Aerobic exercise reduced the risk of cognitive impairment and dementia which can be explained by either a direct neurotrophic effect of exercise or by an improvement in the cerebrovascular and cardiovascular risk profiles. The authors argue that aerobic exercise attenuates progression of neurodegenerative processes and age-related loss of synapses and neuropil via facilitation of neurotrophic factors and neuroplasticity (30). These findings are in line with animal experiments in which aerobic exercise enhances hippocampal dendritic length and dendritic spine complexity (31). In a long-term, prospective cohort study, the usual weekly walking distances reported by healthy adults at baseline were positively associated with neocortical and hippocampal MRI volumes 9 yr later (32). Recently, Rovio et al. (33) reported that leisure-time PA at midlife (on average 21 yr before the diagnosis of dementia) is related to a decreased risk of dementia and AD. Individuals participating at least twice a week in a leisure-time PA had 50% lower odds of dementia compared with sedentary persons. The association was somewhat stronger for AD than for overall dementia; those in the active group had 60% lower odds of AD compared with those in the sedentary group, even after adjusting for potential confounding factors. The APOE ε4 allele status appeared to modify the associations between PA and dementia or AD as PA had more pronounced effects against dementia or AD among the APOE ε4 carriers; dementia may have affected the individuals' observed PA (33). Thus, ongoing, moderate-intensity physical exercise should be considered as a prescription for lowering cognitive risks and slowing cognitive decline across the age spectrum.

Vascular risk factor controls

Mounting evidence indicates that vascular disease and risk factors not only elevate the risk of vascular dementia (VaD) but also AD (34). Moreover, the neuropathology of cognitive impairment in later life is often a mixture of Alzheimer disease and microvascular brain damage, which may overlap and synergize to heighten the risk of cognitive impairment (35). It is recently reported that midlife cardiovascular risk factors are related to impairments in executive functions as ascertained by novel errors and traditional measures (36). An association of elevated blood pressure in midlife with an increased risk of dementia and AD later in life has been reported in several population-based studies (37, 38) while follow-up studies of late-life blood pressure and risk of dementia yield mixed results, largely depending on the length of follow-up. The short-term follow-up studies (e.g., less than 3 yr) often found no association or even an inverse association between blood pressure and risk of dementia and AD. However, studies of very old people (i.e., 75 + yr) with a longer follow-up period (i.e., more than 6 yr) also revealed an increased risk of dementia associated with low blood pressure, suggesting that low blood pressure is a significant risk factor for dementia in very old people (39).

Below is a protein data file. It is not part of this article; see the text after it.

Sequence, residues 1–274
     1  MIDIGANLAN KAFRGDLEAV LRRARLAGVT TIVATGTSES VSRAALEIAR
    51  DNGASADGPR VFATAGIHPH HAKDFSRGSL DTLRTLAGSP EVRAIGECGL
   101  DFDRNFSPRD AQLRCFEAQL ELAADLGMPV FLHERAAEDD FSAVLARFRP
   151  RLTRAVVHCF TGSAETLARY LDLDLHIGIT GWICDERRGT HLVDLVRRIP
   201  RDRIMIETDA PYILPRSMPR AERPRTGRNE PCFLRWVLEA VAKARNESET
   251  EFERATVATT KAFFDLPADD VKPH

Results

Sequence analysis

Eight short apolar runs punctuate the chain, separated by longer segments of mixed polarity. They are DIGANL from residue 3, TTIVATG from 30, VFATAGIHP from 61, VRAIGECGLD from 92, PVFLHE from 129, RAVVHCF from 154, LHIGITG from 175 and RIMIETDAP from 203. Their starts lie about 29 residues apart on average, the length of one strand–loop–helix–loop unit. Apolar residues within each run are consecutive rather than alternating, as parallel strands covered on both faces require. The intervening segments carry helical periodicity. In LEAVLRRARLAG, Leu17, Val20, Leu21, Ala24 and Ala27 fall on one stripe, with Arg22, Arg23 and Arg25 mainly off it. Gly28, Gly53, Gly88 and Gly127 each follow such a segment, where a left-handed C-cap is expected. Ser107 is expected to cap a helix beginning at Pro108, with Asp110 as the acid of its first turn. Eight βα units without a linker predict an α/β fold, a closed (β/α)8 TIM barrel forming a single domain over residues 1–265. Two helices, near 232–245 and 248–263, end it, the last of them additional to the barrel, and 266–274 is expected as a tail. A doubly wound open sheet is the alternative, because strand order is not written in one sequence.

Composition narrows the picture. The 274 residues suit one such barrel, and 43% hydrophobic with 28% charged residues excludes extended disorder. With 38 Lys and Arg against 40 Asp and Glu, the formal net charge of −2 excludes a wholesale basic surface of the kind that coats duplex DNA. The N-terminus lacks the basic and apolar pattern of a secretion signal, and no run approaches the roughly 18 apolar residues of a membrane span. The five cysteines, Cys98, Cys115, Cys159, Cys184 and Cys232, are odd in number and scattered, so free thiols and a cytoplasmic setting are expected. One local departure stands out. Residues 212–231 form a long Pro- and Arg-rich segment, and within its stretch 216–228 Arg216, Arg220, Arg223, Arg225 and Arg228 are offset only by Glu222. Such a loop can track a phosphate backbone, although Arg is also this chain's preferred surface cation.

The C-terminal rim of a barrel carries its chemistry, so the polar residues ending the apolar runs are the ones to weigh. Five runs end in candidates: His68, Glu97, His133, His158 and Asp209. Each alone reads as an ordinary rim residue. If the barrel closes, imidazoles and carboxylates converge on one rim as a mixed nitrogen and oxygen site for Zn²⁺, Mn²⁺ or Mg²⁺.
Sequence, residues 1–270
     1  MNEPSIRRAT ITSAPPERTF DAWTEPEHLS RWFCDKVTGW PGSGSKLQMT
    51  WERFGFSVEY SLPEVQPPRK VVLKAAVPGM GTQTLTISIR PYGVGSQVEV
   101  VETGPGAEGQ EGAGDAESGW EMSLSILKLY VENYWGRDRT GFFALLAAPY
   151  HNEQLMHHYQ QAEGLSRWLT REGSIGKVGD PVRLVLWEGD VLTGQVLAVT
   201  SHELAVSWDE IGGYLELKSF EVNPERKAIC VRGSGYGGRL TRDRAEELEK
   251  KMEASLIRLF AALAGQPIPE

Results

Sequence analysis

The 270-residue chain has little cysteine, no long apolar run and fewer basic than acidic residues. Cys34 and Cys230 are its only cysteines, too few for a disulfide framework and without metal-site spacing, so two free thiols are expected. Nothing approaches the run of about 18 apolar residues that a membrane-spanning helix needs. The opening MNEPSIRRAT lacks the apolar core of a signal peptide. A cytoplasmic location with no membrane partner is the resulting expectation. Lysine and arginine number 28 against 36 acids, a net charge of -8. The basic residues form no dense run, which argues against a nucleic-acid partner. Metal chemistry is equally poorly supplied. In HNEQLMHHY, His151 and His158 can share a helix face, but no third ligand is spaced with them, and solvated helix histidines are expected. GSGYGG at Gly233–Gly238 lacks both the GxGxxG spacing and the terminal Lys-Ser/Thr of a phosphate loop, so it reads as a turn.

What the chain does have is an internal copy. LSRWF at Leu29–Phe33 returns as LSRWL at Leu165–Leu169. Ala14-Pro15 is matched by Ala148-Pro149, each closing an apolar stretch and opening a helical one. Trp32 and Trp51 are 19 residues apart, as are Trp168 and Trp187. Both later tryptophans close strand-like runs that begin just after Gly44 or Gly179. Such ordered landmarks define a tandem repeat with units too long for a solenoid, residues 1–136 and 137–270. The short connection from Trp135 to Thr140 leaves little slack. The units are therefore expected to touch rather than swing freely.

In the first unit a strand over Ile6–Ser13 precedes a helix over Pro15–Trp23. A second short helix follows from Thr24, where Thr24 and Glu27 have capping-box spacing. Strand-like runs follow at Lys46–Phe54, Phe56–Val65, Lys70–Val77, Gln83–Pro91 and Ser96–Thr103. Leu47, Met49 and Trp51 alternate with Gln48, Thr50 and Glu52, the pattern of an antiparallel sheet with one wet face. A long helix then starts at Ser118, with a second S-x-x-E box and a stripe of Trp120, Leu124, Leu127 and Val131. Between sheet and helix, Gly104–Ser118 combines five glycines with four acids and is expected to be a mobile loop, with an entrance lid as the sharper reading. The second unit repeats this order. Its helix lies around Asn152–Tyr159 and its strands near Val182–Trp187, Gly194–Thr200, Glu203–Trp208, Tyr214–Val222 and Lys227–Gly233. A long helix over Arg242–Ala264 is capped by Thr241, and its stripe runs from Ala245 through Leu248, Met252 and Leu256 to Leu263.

The association of diabetes and pre-diabetes with AD may reflect the direct effects of chronic hyperglycemia, hyperinsulinemia, or insulin resistance on brain neurodegenerative changes (40). Multiple mechanisms related to diabetes-related glucose and insulin dysregulation can lead to vascular and neuronal damage (41). Studies suggest that the longer the duration of diabetes, the poorer the cognitive function (42).